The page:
The extra features are reasonably poor, with nothing standing out as anything terribly special. The Theatrical Trailer is good at telling the story, and advertising the stunt sequences. It runs for 1:59 and is framed at 1.85:1, but is not 16x9 enhanced. The audio is Dolby Digital 2.0. The Making the Stunts documentary is poor and runs for 2:40. It appears to be an Internet feature that advertises the film more than anything else. It is presented in a full frame format of 1.33:1. The Cast and Crew Interviews are the longer versions of the edited interviews in the brief documentary. The numbers in brackets refer to the length of the interviews. Interviewees are Justin Chambers (1:55), Tim Roth (1:22), Nick Moran (1:05), Catherine Deneuve (1:32), Mena Suvari (1:31) and Peter Hyams (2:17). They are all presented in a full frame aspect and feature Dolby Digital 2.0 audio.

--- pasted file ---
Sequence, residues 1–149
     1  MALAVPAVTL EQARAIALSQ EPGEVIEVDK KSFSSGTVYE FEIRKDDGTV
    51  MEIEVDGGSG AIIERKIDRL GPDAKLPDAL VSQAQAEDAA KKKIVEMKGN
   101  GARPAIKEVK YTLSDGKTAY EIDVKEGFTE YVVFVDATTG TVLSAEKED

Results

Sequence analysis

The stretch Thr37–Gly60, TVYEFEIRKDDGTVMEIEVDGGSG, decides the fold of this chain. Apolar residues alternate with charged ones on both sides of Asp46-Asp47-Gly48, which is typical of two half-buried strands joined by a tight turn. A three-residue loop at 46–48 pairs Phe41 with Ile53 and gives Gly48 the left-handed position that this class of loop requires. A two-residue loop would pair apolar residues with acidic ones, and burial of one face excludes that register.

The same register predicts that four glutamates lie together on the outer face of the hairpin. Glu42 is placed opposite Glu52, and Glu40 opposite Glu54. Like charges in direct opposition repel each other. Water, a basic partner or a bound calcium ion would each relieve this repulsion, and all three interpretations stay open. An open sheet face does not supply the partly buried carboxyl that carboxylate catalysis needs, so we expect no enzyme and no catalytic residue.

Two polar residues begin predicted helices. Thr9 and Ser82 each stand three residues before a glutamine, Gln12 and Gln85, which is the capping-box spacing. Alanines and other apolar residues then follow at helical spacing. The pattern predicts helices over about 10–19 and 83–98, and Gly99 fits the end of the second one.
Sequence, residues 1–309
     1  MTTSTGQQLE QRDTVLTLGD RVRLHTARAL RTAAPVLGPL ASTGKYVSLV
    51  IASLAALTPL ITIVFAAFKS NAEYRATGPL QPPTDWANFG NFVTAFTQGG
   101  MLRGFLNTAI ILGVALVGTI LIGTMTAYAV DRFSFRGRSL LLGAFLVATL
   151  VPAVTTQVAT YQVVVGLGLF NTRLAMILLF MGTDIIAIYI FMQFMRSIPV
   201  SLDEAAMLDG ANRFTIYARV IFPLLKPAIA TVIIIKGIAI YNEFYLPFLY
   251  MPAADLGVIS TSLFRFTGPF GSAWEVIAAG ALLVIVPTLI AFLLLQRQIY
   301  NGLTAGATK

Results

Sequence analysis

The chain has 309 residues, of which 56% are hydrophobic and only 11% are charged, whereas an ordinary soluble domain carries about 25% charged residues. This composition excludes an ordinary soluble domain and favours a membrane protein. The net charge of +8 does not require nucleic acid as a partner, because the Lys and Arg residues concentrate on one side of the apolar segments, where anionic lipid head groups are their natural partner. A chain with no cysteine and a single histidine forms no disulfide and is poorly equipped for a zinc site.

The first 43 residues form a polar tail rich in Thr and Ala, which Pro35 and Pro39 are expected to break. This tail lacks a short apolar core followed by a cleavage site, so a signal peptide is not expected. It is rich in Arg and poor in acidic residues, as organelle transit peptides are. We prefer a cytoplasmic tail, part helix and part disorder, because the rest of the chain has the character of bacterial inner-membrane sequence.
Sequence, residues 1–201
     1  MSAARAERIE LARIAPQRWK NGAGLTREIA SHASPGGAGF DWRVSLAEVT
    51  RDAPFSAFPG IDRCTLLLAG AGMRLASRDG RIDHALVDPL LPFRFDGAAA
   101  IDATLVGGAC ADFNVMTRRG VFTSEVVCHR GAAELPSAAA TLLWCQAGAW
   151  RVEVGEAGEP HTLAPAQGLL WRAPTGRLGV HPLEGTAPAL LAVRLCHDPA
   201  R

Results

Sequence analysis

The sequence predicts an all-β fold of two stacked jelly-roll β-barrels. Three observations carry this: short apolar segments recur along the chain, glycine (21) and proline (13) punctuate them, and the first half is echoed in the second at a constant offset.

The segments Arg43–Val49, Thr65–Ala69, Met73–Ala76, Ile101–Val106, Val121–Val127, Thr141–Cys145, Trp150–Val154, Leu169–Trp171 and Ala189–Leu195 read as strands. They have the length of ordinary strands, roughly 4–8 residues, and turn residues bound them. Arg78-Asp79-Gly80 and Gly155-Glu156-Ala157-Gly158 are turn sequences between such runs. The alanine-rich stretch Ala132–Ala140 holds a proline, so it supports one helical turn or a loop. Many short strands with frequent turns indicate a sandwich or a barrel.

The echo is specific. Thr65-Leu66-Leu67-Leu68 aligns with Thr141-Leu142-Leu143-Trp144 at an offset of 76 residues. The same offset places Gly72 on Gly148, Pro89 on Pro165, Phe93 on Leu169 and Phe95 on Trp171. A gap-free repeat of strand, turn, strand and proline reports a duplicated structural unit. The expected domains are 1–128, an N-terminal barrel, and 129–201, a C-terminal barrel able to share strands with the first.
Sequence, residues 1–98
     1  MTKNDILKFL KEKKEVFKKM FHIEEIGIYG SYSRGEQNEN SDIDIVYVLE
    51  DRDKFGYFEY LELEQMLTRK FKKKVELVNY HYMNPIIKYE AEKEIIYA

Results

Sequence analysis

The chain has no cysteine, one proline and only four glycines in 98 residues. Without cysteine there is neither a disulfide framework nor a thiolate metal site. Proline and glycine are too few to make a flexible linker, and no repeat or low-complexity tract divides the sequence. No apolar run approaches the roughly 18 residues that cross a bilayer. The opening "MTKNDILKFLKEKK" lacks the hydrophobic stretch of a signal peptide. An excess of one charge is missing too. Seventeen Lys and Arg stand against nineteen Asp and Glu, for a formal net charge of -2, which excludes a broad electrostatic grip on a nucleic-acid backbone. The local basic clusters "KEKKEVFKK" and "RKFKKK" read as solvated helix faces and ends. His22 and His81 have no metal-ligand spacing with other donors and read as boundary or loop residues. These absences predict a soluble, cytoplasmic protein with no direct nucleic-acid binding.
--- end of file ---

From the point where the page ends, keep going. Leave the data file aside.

Overall  
Contract

This film is worth a hire, perhaps then you can decide if you would like to purchase it. The video is appallingly poor, and the audio is reasonably good, but the extras are not special at all.


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      And I quote...
    "...This disc really shows off the do’s and don’ts of DVD so well..."
    - Martin Friedel
      Review Equipment
    • DVD Player:
          Nowa DS-8318
    • TV:
          TEAC 68cm CTV
    • Speakers:
          Teac PLS-60 Home Theatre System
    • Centre Speaker:
          Teac PLS-60 Home Theatre System
    • Surrounds:
          Teac PLS-60 Home Theatre System
    • Audio Cables:
          Standard RCA
    • Video Cables:
          standard s-video